Special procedural guarantees


Country Report: Special procedural guarantees Last updated: 21/05/21


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While the implementation of certain special procedural guarantees will necessarily require a decision from SEF, according to the law, the responsibility for implementing these measures lies with the Institute of Social Security (ISS).[1]

Adequate support during the interview

Applicants identified as needing special procedural guarantees can benefit from the postponement of refugee status determination interviews, extended deadlines for presenting evidence or carrying out interviews with the assistance of experts.[2]

As mentioned in Identification, there is no specific unit in place with specially trained staff that can provide special procedural guarantees such as special interview techniques or tailored support during personal interviews. In practice, with the exception of asylum applicants whose reduced ability to benefit from the rights and comply with the obligations stemming from the Asylum Act are self-evident (e.g., due to serious illness, pregnancy), such guarantees are not implemented.

Case law regarding the provision of special procedural guarantees in the asylum procedure has consolidated the approach of not implementing such guarantees.[3] In one isolated case in 2018, SEF invited CPR to attend a first instance interview in order to provide support to a particularly vulnerable applicant suffering from a mental condition.[4] In one instance in 2019, SEF suspended the asylum procedure of an applicant suffering from a serious mental health condition before issuing a decision on admissibility/accelerated procedure. However, the decision to suspend the procedure was adopted only after the personal interview was conducted and was not framed as a special guarantee for the applicant. Instances of the application of special guarantees to the applicant, for instance due to the inability to be interviewed due to health (including mental health) conditions, remain rare to non-existent, according to CPR’s experience. A similar case occurred in 2020.

In 2020, according to CPR’s observation, when applicants were unable to be interviewed because they were quarantining/subject to prophylactic isolation due to the coronavirus, SEF usually suspended the asylum procedure. In some cases supported by CPR, where applicants were not able to exercise procedural rights (e.g., provide comments to the interview report/summary report or to decision proposals), due to such constraints, extensions of the relevant deadlines were granted upon request.

Inversely, requests for the extensions of deadlines due to the impossibility to secure interpreters to carry out the relevant diligences in due time were usually not accepted by SEF.

In the particular case of survivors of torture and/or serious violence, research conducted in the framework of the project “Time for Needs: Listening, Healing, Protecting” found that the practical implementation of special procedural guarantees such as the possibility to postpone the refugee status determination interview is hampered by the lack of a specific identification tool or mechanism.[5] Even where a medical report concerning the vulnerability of the applicant for mental health reasons is presented, SEF may refuse to postpone the interview unless the medical report clearly states the reduced capacity of the applicant, the need for medical assistance, as well as a prediction of when the applicant is expected to be able attend the interview, if need be accompanied by a mental health professional, in order to avoid excessive delays in the procedure. CPR is not aware of additional research on this topic.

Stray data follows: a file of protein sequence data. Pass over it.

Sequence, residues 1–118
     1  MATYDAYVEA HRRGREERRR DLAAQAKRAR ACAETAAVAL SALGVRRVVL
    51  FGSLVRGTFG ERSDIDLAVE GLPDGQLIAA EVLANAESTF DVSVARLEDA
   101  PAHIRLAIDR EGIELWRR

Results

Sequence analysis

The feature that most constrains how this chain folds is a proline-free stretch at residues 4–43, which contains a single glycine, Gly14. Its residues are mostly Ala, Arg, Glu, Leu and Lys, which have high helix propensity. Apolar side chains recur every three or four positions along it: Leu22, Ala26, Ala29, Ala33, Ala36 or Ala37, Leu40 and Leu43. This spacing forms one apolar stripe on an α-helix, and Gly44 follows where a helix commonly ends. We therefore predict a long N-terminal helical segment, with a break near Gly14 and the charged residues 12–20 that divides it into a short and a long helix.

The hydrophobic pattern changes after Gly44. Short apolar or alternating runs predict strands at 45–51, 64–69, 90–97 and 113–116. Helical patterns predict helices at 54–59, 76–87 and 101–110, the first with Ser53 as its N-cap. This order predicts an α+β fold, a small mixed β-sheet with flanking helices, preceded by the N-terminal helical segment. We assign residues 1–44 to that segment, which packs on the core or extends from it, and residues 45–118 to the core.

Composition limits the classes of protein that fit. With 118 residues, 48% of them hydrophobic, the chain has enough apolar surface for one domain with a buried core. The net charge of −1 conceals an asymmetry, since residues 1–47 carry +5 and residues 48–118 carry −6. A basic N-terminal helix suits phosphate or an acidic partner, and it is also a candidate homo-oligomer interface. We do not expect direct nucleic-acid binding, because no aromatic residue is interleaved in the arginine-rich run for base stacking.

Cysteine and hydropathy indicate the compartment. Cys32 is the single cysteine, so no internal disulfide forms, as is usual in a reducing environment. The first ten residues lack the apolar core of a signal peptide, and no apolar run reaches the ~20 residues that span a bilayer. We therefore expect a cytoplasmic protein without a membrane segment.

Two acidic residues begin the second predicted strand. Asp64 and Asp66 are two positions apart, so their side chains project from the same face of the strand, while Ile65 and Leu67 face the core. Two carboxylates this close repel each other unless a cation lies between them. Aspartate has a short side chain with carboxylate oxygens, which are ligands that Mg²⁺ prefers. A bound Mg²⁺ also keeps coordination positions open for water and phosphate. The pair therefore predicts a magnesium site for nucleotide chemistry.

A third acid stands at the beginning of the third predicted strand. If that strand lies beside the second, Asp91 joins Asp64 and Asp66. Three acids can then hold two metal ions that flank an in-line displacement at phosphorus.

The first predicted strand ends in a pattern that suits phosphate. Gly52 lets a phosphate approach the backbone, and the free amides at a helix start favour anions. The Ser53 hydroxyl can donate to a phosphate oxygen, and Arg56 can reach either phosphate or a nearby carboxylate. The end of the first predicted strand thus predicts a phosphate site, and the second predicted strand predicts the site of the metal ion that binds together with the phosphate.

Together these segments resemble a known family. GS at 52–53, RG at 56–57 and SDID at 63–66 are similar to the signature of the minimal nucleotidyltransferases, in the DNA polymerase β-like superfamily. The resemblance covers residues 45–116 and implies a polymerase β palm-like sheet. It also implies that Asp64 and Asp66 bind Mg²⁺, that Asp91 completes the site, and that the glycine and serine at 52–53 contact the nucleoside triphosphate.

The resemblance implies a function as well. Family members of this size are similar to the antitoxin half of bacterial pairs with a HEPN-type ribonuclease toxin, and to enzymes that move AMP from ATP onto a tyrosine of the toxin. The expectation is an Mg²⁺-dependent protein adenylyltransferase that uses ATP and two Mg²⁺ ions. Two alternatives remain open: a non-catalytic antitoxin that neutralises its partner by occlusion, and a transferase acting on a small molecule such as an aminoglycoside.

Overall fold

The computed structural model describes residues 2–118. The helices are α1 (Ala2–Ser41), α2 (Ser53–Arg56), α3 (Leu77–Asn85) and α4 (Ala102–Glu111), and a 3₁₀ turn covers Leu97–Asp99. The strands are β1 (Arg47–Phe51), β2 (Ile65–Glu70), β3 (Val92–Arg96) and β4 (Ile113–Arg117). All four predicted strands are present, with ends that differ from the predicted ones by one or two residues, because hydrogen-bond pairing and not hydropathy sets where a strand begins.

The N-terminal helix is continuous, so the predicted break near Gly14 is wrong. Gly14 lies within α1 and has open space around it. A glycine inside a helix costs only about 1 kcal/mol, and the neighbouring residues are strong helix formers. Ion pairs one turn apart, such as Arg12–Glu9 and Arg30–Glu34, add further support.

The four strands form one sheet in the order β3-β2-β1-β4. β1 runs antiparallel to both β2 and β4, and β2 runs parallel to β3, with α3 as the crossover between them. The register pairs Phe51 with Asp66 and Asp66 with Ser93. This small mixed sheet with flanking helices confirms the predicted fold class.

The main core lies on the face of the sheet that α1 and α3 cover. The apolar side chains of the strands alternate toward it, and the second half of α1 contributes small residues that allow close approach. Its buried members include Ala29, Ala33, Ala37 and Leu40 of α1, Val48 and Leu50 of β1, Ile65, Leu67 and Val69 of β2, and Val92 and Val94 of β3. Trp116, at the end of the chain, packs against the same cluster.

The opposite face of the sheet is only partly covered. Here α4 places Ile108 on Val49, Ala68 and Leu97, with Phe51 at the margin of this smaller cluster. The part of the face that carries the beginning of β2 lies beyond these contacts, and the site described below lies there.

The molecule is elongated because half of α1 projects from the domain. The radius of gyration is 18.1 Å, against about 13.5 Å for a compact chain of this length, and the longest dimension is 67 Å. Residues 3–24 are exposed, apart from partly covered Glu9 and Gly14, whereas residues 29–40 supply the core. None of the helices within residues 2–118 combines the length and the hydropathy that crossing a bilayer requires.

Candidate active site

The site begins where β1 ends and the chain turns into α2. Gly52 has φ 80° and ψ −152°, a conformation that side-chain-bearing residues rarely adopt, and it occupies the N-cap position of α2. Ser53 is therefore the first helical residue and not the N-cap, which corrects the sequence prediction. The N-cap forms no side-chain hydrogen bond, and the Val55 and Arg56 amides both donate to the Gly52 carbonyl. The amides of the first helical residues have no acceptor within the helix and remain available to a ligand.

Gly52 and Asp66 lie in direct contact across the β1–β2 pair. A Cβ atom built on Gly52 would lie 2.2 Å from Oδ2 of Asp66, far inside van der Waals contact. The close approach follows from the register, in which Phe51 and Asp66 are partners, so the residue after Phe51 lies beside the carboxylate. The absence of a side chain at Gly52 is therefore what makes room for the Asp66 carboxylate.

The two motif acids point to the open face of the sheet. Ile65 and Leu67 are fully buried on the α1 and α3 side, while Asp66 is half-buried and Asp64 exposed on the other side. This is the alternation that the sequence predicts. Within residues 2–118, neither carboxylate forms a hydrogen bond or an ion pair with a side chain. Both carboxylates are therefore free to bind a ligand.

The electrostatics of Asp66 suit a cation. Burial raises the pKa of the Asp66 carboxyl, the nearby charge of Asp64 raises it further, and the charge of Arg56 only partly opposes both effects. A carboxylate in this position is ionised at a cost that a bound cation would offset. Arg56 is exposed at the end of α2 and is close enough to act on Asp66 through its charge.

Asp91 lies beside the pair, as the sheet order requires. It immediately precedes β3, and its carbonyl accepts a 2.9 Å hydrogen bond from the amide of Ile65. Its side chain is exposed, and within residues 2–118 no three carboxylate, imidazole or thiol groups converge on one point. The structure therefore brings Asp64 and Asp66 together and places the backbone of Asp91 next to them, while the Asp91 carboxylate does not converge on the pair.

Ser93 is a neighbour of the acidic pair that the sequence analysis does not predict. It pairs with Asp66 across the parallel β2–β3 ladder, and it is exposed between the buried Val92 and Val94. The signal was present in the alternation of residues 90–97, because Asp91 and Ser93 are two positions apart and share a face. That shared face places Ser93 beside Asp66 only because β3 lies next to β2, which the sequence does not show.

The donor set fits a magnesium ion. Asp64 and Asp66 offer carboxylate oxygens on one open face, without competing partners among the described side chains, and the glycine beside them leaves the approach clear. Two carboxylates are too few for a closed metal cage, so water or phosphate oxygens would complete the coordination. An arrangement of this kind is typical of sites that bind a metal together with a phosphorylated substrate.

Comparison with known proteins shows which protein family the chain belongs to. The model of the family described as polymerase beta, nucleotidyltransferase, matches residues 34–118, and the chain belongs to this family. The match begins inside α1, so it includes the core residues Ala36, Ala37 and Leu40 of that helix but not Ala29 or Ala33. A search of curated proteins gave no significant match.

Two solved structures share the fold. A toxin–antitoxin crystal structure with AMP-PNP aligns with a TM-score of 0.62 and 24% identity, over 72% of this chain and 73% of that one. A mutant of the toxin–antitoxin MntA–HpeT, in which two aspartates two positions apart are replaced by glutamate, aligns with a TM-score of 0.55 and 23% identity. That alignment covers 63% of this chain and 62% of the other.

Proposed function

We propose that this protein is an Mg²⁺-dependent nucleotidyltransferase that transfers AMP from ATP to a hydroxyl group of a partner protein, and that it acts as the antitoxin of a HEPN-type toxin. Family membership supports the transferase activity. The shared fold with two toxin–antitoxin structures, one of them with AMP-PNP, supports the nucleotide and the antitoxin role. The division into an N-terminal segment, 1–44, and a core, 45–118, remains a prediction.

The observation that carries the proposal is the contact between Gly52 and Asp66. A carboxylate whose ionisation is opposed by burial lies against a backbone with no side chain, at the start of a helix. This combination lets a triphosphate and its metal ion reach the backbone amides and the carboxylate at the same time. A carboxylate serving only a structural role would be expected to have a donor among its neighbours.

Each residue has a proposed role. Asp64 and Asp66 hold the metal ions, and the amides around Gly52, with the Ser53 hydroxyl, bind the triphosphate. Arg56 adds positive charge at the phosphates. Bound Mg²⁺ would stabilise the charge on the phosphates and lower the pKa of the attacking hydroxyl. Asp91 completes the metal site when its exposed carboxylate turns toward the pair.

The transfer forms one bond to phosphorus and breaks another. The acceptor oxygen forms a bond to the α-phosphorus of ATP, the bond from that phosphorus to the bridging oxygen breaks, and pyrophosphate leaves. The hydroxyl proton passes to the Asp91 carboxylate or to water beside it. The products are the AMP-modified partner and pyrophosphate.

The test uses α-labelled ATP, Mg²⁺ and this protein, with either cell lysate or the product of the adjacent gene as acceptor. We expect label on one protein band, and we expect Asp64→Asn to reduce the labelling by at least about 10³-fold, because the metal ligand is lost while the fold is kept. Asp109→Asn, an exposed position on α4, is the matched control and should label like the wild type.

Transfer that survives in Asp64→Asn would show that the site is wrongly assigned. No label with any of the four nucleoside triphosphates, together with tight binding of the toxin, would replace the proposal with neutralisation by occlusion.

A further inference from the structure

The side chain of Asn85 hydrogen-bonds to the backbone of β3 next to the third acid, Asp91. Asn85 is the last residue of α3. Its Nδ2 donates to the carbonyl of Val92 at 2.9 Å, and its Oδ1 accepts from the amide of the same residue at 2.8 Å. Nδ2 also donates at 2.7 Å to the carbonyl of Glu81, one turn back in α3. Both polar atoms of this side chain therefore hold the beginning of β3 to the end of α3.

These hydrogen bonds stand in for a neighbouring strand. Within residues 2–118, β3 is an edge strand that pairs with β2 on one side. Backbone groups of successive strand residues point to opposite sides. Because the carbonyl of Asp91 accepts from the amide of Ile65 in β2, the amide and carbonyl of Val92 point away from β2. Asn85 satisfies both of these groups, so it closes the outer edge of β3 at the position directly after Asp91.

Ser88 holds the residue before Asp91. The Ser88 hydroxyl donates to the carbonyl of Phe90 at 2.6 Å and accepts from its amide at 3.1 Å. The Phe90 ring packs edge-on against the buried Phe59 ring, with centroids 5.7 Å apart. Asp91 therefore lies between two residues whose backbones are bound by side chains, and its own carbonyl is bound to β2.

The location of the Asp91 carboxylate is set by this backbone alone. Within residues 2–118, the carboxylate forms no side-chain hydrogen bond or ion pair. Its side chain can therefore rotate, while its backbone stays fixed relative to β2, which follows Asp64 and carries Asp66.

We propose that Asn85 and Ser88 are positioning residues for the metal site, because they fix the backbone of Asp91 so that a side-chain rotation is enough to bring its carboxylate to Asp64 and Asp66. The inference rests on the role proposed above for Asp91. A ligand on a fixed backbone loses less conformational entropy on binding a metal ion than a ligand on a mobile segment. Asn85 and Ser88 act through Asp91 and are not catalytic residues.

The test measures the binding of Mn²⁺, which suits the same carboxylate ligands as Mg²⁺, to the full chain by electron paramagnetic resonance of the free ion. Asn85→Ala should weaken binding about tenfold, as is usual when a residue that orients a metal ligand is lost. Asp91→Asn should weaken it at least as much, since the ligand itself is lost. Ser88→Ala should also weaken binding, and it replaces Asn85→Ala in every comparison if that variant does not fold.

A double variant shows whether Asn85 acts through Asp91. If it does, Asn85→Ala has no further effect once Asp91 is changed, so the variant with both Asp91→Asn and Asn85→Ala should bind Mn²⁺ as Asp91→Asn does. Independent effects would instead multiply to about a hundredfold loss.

In accordance with the law,[6] CPR provides specific legal assistance to unaccompanied asylum-seeking children under its care, inter alia, through the presence of a legal officer during the personal interview with SEF (see Legal Representation of Unaccompanied Children)

Exemption from special procedures


Exemption from the border procedure

According to the Asylum Act, applicants victims of torture and/or serious violence in need of special procedural guarantees shall be exempted from the border procedure and from detention in the context of border procedures when the necessary support and conditions cannot be ensured within that context.[7] However, no standard operational procedures and tools allowing for the early and effective identification of survivors of torture and/or serious violence and their special procedural needs are in place. As such, asylum seekers who claim to be survivors of torture, rape, or other serious forms of psychological, physical or sexual violence have not been exempted from border procedures in practice, despite the lack of provision of special procedural guarantees at the border.[8]